Calasso’s insistence on the centrality of sacrifice is the key to an organizing thread that runs half-hidden through his sprawling book. That thread is what in Christian theology is called supersessionism, that is, the notion that the Hebrew Bible is the “Old Testament” and that Jesus Christ, as disclosed in the “New Testament,” has superseded the Mosaic covenant. The separation that marked the Jews off from the rest of humanity has been healed by Jesus’ message of universal salvation, and the sacrifice — the killing of the innocent creature in keeping with God’s implacable demand — has been at once abrogated and fulfilled by the Crucifixion and by the ritual consumption of the Savior’s blood and body. If we wonder why Calasso’s imagination lingers over the bather, it is because she figures in the genealogy of Jesus. And if we ask ourselves why Elisha, the baldie, makes his odd appearance, it is because he brought back to life a dead child, just as Jesus brought back to life the dead Lazarus.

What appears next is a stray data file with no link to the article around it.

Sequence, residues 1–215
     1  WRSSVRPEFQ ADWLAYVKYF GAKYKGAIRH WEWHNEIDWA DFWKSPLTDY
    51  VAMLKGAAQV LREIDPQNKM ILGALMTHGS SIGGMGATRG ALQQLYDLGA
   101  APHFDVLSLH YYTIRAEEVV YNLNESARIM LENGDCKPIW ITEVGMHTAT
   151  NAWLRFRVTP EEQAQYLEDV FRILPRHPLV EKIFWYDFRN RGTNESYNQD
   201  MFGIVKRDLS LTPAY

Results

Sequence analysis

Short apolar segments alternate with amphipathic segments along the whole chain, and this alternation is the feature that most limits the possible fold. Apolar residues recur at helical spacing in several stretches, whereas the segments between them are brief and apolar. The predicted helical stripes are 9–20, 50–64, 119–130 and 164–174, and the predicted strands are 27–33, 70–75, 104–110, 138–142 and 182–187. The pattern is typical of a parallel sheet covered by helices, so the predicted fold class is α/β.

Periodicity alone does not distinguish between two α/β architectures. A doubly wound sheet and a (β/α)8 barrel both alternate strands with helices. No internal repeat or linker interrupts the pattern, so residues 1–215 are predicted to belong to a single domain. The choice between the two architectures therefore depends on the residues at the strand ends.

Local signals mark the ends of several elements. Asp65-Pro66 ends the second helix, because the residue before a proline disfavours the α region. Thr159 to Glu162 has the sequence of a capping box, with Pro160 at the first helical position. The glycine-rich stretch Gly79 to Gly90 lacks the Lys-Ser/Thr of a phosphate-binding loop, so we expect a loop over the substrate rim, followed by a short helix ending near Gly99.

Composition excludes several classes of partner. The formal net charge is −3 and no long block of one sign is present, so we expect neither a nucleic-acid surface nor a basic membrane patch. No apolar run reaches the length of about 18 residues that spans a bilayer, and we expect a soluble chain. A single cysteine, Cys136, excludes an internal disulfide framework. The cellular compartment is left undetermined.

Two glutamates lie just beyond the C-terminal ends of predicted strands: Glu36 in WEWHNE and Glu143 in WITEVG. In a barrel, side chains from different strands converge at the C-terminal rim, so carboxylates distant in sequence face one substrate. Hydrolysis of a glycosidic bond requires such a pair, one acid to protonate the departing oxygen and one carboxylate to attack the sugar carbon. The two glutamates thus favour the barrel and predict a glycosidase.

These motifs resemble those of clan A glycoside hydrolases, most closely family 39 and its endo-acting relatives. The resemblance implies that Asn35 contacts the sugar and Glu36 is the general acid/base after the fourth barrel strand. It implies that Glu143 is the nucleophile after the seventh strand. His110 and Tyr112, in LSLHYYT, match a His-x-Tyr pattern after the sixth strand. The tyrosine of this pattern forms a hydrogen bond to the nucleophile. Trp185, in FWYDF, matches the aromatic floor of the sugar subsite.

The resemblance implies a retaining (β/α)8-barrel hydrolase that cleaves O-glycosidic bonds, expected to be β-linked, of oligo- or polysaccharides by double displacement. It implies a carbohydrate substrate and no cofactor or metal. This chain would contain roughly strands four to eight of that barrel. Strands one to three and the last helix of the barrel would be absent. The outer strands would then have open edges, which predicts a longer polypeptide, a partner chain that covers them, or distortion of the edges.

That the last chapter of Calasso’s book is called “The Messiah” is therefore not surprising. Jesus has been hovering just below the surface — and occasionally rising into visibility — throughout the vast array of stories. What is surprising is that the final pages are not about the Messiah at all. Rather they are about what the Jews did after Romans destroyed the Temple in Jerusalem in A.D. 70, and therefore, made it impossible to continue offering the daily sacrifice to Yahweh. They turned to reading. The Jews did not imagine that the daily recitation of the Torah was a burden that would be lifted at the longed-for end of days. On the contrary, the coming of the Messiah would mean only that there was more time for the Torah, without any vexation or interruption. “To substitute sacrifice with study”: This was the great innovation of rabbinical Judaism, an innovation that committed the Jews to the dream of a life centered on ceaseless, boundless study. It is not difficult to glimpse the polymathic spirit of Roberto Calasso drawn to this dream.